It doesn’t matter whether you are talking about a sales process, concept, tactic, or philosophy–someone else has already covered it with your prospect. It may have been yesterday, earlier today, or last month, but your conversation is probably not much different than the one your competitors and prospects have already had.
As annoying as it is, someone else has already uncovered that same nugget of information, that same decision-altering, sacred piece of data that the incumbent missed. How do I know? I know because a path is a direction commonly traveled. It’s safe, predictable, and well-charted way of selling.
Here’s a good example. You’re at the base of a mountain and your goal is to get to the top. In front of you lay four or five trail options. They’re marked with signs and the ground among them is worn. Since you’ve never climbed this particular mountain, you choose a well-marked trail and, after a mile, you find yourself staring out over a beautiful landscape of mountains and valleys. The view is well worth the choices you made, and it didn’t take too much effort to get there. But how many others have seen that same landscape? The answer is everyone who has taken that same path. It was a safe and predictable choice. Although the scenery is beautiful, everyone who chose this same, safe and predictable trail has seen it, too.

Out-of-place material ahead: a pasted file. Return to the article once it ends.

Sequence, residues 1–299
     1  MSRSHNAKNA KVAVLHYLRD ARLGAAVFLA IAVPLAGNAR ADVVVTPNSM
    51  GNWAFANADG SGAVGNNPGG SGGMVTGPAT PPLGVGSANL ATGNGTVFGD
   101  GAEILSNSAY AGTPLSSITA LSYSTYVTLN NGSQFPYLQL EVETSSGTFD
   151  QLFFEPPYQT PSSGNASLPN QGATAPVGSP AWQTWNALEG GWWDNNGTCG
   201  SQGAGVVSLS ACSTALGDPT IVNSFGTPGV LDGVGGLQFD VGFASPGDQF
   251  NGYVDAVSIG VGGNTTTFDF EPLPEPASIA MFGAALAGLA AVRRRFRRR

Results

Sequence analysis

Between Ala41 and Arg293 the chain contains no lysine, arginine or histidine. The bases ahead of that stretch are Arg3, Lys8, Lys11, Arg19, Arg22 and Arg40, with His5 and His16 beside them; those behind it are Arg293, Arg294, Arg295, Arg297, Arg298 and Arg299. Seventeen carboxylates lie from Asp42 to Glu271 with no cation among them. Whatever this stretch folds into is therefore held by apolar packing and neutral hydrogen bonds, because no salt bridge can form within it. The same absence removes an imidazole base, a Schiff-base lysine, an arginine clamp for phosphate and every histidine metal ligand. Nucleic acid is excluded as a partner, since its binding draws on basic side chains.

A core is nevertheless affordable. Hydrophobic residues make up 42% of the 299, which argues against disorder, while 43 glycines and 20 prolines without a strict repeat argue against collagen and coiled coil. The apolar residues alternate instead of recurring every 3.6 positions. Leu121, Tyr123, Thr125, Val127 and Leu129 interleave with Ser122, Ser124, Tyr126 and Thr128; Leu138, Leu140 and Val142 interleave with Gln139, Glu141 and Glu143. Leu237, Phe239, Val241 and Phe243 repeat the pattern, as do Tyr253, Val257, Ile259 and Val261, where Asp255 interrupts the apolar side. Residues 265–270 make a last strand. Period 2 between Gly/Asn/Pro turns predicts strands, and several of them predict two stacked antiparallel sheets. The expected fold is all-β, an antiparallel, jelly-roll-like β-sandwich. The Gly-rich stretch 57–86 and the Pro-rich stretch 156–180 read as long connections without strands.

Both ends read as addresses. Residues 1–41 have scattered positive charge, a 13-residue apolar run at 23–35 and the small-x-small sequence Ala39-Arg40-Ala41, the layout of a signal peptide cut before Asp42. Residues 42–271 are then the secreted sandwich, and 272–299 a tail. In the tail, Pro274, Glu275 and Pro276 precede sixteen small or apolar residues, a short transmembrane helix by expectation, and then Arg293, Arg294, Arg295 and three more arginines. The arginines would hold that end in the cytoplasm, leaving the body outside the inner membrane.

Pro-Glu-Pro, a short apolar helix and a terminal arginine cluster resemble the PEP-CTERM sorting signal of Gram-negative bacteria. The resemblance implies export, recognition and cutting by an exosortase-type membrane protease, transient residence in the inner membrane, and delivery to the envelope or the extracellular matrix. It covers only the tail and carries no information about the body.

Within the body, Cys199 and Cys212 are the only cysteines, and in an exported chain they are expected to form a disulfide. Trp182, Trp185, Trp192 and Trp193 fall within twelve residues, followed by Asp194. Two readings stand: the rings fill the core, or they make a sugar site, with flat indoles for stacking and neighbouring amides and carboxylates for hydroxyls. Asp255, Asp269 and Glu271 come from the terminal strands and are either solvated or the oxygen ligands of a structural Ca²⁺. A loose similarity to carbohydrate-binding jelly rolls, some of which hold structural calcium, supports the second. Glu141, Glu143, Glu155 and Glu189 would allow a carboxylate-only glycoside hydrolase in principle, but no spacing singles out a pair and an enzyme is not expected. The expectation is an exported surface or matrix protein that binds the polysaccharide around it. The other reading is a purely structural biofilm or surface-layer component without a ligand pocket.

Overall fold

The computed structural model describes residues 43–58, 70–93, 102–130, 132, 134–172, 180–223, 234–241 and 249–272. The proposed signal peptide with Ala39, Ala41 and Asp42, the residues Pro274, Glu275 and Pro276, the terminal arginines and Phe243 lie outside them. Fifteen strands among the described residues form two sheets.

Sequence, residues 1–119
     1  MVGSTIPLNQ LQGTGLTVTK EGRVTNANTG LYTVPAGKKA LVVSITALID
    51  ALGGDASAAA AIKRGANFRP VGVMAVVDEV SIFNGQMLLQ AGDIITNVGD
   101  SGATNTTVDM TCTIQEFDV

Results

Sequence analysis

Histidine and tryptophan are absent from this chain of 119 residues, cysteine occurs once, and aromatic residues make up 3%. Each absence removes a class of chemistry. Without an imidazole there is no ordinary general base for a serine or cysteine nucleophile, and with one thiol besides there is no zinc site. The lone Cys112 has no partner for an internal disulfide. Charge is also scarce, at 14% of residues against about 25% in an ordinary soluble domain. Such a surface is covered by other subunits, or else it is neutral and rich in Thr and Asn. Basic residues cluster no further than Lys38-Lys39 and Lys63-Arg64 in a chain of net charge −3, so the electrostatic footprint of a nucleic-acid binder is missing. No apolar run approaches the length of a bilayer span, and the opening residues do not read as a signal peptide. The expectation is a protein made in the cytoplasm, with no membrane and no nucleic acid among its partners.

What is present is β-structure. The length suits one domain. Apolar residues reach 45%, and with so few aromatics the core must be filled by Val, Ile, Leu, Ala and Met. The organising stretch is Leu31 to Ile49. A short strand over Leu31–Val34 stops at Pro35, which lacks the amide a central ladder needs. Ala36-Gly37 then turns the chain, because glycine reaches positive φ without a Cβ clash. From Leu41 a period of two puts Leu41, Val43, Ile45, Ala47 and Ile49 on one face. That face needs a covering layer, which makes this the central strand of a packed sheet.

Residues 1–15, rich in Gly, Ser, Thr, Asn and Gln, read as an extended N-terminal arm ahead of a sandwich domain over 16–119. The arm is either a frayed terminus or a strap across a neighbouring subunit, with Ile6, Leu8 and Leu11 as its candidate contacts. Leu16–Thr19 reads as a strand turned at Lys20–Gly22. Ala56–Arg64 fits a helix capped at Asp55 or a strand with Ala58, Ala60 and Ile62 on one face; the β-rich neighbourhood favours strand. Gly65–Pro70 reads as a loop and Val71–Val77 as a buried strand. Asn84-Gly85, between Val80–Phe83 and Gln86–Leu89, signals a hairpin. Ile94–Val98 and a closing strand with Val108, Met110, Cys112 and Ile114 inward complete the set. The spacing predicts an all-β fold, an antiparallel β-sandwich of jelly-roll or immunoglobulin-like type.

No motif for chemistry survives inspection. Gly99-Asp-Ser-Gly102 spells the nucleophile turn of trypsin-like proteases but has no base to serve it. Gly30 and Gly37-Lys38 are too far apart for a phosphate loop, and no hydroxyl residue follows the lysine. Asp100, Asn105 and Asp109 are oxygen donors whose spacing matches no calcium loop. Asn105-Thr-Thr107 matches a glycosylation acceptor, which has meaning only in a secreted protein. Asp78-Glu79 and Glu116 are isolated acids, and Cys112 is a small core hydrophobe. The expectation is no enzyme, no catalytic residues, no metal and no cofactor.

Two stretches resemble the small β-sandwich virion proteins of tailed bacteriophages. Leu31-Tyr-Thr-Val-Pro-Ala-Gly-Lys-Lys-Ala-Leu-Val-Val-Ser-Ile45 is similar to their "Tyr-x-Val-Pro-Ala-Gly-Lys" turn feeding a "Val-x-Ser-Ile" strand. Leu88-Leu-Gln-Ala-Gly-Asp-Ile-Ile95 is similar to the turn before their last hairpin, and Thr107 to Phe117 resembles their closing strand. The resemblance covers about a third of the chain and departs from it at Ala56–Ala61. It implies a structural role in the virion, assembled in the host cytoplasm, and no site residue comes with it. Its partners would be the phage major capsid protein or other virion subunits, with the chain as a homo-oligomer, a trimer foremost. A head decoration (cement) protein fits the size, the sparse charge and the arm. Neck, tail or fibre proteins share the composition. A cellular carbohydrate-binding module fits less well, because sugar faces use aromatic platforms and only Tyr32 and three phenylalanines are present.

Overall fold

Nothing Ventured, Nothing Gained
Now, let’s restart this hike. You decide to take the same path, but for some reason, you decide to challenge yourself a bit more. When you come across the impressive mountains and valley, you take an immediate right off the path. Taking some extra attention and time, you proceed to traverse a few small cliffs. You then decide to hike down a sharp, angled ravine and follow it for a half-mile (at the same time, you get a pretty good workout!). As you walk, you notice the damp smell of the rocks, the pitch of the running water, and the silence of the trees around you. You’re in uncharted territory. Your senses are sharp. You’re in the moment. Next, the ravine turns to the right, and you encounter a beautiful, 30-foot waterfall. Now, the question is how many people have discovered that same waterfall? The answer is a few – only those who were willing to take the risk and venture the path and make the extra effort to get there.
What others do and going where others have been is less risky and predictable. When your entire sales process is best described as taking a turn here, a turn there, and look out for the falling rocks – you can be sure of one thing, it’s someone else’s path. Are you going about your daily sales life continually doing the same thing everyone else is doing with little reflection on why? Do you continue to look for the same cues, answers, and information to guide your next move?
It’s comforting and easy to walk a clear, well-worn path. Someone has already laid if out for you. But don’t confuse clarity and repetition with success? They are not the same. Challenge and success come when you forge a new path or blaze a new trail.